The economist Jordi McKenzie of the University of Sydney published the first study on the impact of music file sharing on music sales (physical and digital) in Australia. His article in the Australian Economic Papers entitled “Illegal Music Downloading and Its Impact on Legitimate Sales: Australian Empirical Evidence” is based on a working paper from August 2009 and was published in December 2009.
With a similar methodological approach to Oberholzer-Gee and Strumpf (2007) he came to the conclusion that “(…) the evidence suggests no discernible impact of dowloading activity on legitimate sales“. More details on his approach and his findings are given here:
Despite repeated enquiries by the author, the Australian Recording Industry Association (ARIA) was unwilling or unable to provide weekly statistics on physical and digital music sales. Thus, McKenzie had to use weekly Top 40 (digital) and Top 50 (physical) singles chart rankings by ARIA as a proxy for music sales. The data set covers a 15-week period from 5 November 2007 to 11 Feburary 2008, including the Christmas/New Year period where retail sales as well as P2P filesharing activity are at their highest. In addition, information on the ranking of the previous week, the number of times a song has entered the charts, and the highest ranking attained to date were included in the data set. The full sample, therefore, consists of 1 350 observations (600 digital and 750 physical) with 91 unique songs in the digital sample and 104 in the physical one. The data was sampled meticulously each Sunday when ARIA released the weekly sales charts. On the following Monday, between 7-10 pm when Internet usage is highest, each song was cross referenced on the file sharing network Limewire, which represents 60% of all music file sharing activity in Australia. This network was chosen to give a proxy for the number of downloads, which cannot directly be measured, occuring for a song. In addition, information relating to the file size, download speed, and bit-rate was collected.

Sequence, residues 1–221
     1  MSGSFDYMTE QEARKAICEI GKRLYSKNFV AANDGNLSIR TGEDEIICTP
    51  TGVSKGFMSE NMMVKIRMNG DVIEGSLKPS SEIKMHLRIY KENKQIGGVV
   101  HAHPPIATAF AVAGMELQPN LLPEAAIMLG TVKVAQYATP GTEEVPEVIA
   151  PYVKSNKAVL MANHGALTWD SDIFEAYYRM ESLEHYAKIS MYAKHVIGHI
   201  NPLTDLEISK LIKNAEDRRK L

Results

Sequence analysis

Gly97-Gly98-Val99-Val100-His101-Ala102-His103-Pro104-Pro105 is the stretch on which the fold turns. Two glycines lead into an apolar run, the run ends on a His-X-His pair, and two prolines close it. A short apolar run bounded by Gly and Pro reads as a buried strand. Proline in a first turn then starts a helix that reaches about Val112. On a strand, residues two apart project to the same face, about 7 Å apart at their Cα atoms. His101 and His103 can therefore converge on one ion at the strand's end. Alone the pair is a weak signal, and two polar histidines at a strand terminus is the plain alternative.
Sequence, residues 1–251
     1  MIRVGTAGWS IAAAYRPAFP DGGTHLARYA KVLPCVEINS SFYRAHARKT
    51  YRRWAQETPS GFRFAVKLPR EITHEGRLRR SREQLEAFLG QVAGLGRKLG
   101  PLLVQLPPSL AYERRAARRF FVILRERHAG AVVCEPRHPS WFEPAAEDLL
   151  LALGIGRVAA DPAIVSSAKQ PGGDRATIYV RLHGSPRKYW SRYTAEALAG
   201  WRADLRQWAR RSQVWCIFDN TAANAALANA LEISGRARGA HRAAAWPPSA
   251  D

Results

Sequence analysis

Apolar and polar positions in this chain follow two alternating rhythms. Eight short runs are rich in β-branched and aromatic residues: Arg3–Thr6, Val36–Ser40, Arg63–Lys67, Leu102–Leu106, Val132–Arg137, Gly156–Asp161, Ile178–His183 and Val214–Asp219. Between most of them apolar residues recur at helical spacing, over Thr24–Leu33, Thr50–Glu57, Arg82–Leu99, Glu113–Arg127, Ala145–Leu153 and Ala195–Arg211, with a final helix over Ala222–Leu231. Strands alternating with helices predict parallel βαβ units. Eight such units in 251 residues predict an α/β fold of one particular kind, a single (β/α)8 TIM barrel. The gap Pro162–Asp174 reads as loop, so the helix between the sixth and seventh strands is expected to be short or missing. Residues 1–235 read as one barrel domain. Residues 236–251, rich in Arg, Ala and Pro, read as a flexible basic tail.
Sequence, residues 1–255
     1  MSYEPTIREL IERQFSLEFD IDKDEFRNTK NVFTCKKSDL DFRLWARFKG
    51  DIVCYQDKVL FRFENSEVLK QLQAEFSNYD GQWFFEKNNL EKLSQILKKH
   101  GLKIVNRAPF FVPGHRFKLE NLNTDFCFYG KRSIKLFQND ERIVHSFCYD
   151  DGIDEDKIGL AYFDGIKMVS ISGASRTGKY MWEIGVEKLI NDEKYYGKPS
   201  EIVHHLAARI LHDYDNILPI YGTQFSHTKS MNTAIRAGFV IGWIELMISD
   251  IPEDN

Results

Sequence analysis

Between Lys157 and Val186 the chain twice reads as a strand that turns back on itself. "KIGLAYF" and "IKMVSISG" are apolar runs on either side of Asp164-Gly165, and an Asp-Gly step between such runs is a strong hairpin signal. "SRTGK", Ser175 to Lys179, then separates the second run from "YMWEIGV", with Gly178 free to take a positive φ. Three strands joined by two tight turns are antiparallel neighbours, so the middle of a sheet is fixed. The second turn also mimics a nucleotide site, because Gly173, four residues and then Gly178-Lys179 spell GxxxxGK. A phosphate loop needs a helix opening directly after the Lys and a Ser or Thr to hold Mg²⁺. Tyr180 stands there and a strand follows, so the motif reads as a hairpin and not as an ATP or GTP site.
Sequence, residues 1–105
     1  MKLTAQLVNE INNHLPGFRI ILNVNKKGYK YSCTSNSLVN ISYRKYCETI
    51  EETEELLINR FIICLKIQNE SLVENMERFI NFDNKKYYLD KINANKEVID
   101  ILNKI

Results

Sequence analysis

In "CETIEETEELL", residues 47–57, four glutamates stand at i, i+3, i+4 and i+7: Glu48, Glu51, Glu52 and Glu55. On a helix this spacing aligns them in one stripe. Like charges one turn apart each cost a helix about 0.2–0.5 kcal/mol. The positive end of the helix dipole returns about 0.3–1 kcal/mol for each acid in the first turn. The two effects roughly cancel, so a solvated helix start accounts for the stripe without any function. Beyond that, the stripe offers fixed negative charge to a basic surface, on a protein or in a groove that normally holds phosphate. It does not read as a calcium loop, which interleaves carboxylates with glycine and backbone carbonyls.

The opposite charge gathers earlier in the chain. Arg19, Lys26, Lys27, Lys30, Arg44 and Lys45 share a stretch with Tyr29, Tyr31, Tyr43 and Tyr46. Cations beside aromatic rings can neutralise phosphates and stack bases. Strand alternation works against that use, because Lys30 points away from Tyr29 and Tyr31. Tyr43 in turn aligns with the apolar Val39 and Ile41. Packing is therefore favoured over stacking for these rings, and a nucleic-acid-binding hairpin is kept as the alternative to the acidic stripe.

In the regression model the weekly chart rank of a unique song is estimated as the dependent variable on the number of times a song had appeared in the charts (measured in weeks) and the number of file sharers who made the song available for download a week before. Rank is, therefore, transformed into log form to capture the fact that a drop from rank 40 to 50 is not as significant than from rank 1 to 10. The variable ‘number of times in the charts’ is also included in quadratic form in order to account for the ‘aging process’ (life cycle) of a song in the charts. Also a fixed effect, which captures song heterogenity as well as 14 weekly dummy variables to account for weekly fixed effects across the sampling period are included in the model. Finally, an unobserved idiosyncratic error is captured by a dummy variable.
McKenzie ran a two-step regression model. In the first step no proxy and dummy variables were considered, but just the single relationship between chart position and the number of file sharers offering a song for download was measured. The authors found, as expected, a statistically negative impact of file sharing on digital music sales, but suprisingly not on the physical sales. McKenzie, therefore, concluded that there is some degree of market segmentation between the digital and physical music markets. The segmentation derives, as the author suggests “(…) from the new (most younger) computer savy generation, as compared to the more traditional consumer type” (p. 306).
Since the simple regression model does not account for an unobserveable effect on both, music sales and downloading (e.g. popluar songs tend to be purchased as well as ‘illegally’ downloaded at the same time), the author considered an instrumental variable modification and thus he included the additional instruments file-size and bit-rate. In addition, several dummy variables as described above were also integrated in the regression model. As a final result “(…) there is only weak siginificance in the regressions at the ten per cent level for the number of weeks previously spent in the charts. The evidence suggests that – at least using this data – there is no siginificant impact on sales in either market because of P2P activity.” (p. 303). This leads McKenzie to the final conclusion that “[t]his finding may be cautiously interpreted as (illegal) downloading activity having no effect on sales in either the physical or digital market.” (p. 306).